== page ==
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Eclipse Will Provide Training for Grid Operators

The brief reduction in PV power production will give utilities a chance to test modeling and prepare for the future

A solar eclipse will lower output from photovoltaic installations. Although brief, the outages will allow utilities to learn more about accommodating fluctuating power levels in a future that will be more dependent on solar.
Image Credit: T. Shigesa / CC BY-SA 2.0 / Flickr

Monday’s solar eclipse will be a field day for the country’s astronomy buffs as the moon completely blocks the sun in a swath stretching from Oregon to South Carolina. For utility grid operators, the event will be much more than a good show — it will be a chance to see how well they’re prepared for power fluctuations in a solar energy future.

The eclipse starts just after 9:00 a.m. in Oregon, according to a NASA website devoted to the event, with the sun completely obscured during a roughly 2-minute window beginning at about 10:20 a.m.

Columbia, South Carolina, will see the eclipse about four hours later. Those on either side of this narrow “path of totality” will see lesser amounts of the sun covered by the moon.

Grid operators, who are responsible for making sure there’s enough online capacity to meet demand, will be wondering how well they’re prepared for this brief but in some cases significant loss of electrical output from utility solar farms and residential rooftop PV.

In California, for example, more than 5,600 megawatts of solar capacity is expected to disappear, The New York Times reports. That’s nearly one-third of the state’s total solar capacity, which provides about 10% of the state’s power.

“As the eclipse carves a long shadow over California on Monday morning, it is expected to knock offline … a big chunk of the 19,000 megawatts of solar power that currently provide one-tenth of the state’s electricity,” the New York Times reports. “The California I.S.O. [Independent System Operator] plans to fill the void by ramping up natural gas and hydroelectric power plants. Then, a few minutes later, when the eclipse passes, all those solar panels will come roaring back to life, and grid operators will have to quickly make room for the sharp rise in generation by scaling back gas and hydropower.”

In North Carolina, Duke Energy’s Randy Wheeless says output will drop from 2,500 megawatts to about 200 on Monday afternoon.

Solar energy now provides less than 1% of the country’s total electricity, so Monday’s brief outages should be manageable. But as solar steadily becomes a more important part of the country’s energy mix, grid operators will have to get adept at balancing fluctuations in output, and Monday will give them a chance to see how well they are prepared.

Making up the difference with other sources

“An eclipse is obviously not something we see every day, but this is going to be a good exercise for us,” Wheeless told The Times. “There’s no doubt more solar power is going to come onto the grid in the future, and that does increase the challenge of balancing the grid even on days when there’s not an eclipse.”

As solar output declines, grid operators turn to other sources of power to meet demand. That often means turning on gas turbines, or other “peakers,” which gets expensive. California also has agreements with neighboring states to send in small amounts of energy to balance out these losses, what’s called an “energy imbalance market.” The state also uses pumped hydro storage in which excess electricity generated during times of low demand is used to pump water uphill. It can be released later in the day to generate power in a turbine when demand is higher.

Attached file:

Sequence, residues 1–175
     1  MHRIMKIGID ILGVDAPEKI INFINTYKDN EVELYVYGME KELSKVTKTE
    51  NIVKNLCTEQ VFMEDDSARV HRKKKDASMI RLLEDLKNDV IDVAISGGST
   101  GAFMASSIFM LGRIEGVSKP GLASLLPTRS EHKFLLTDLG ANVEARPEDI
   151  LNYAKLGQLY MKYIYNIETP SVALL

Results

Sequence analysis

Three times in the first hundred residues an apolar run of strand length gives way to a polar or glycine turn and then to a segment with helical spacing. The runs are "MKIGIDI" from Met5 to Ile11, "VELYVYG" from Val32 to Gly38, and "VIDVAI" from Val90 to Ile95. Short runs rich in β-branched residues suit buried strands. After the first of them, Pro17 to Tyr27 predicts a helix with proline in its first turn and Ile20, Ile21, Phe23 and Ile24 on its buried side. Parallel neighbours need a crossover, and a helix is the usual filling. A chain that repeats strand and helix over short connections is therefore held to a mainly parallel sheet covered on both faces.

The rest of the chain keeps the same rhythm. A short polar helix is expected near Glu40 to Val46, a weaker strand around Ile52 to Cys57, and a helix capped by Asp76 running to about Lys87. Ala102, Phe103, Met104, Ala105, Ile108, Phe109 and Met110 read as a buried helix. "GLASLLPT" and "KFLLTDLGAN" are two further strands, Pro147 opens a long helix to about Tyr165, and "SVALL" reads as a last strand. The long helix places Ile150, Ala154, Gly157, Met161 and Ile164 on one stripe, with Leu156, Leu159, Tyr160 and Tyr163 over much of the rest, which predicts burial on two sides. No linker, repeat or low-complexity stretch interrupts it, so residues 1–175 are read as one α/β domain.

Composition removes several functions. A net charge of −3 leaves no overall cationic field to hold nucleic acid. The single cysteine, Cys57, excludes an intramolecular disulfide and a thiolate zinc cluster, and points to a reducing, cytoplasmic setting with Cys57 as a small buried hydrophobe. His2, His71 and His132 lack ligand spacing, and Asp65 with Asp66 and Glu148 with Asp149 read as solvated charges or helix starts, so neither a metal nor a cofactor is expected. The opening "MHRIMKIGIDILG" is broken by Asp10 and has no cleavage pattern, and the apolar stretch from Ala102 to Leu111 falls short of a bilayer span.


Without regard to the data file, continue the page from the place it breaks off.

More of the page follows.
These alternate source of energy, and the systems needed to distribute it, will become more important as California and other states add even more solar capacity to their grids. Monday’s eclipse will be a chance to “dip our toes in the water and see what that looks like,” says Eric Schmitt of the California Independent System Operator.

An eclipse in Europe in 2015 gave grid operators there a chance to see what happens with a loss of solar energy, and U.S. operators watched with interest. Another solar eclipse will affect the eastern U.S. in 2024.

“We would anticipate to have a lot more solar generation at that time, so our hope is to use this as a pilot for the 2024 event, which is only seven years off,” Ken Seiler of PJM Interconnection Inc. told the website

If you plan on watching Monday’s eclipse, be sure to follow NASA’s safety recommendations so you don’t damage your eyes.


  1. Expert Member
    Dana Dorsett | | #1

    Not a real problem for CA
    The predictability of the eclipse makes it pretty easy to manage the ramp rates as the PV output falls using demand response and spinning up the reserves. The more interesting challenge (and still not a real problem for CA) is what happens on the other end. Ramping down the peakers too fast will damage them, so a combination of demand response and GRID STORAGE will be a significant part of managing that ramp, to avoid having to curtail the PV output until the peakers are safely parked.

    California has about 2600 megawatts of pumped hydro storage to help smooth this out, as well as 400 megawatts of grid battery, (not counting electric vehicles on smart chargers. There is already a PV curtailment plan in place on the trailing edge to allow the peakers to ramp down at a safe rate. The EV & smart charger fleet is still too small to be very effective in load management for the CAISO grid as a whole, but by the 2024 eclipse event rolls out there will be more battery storage than pumped hydro, as well as enough EVs to make a measurable dent too.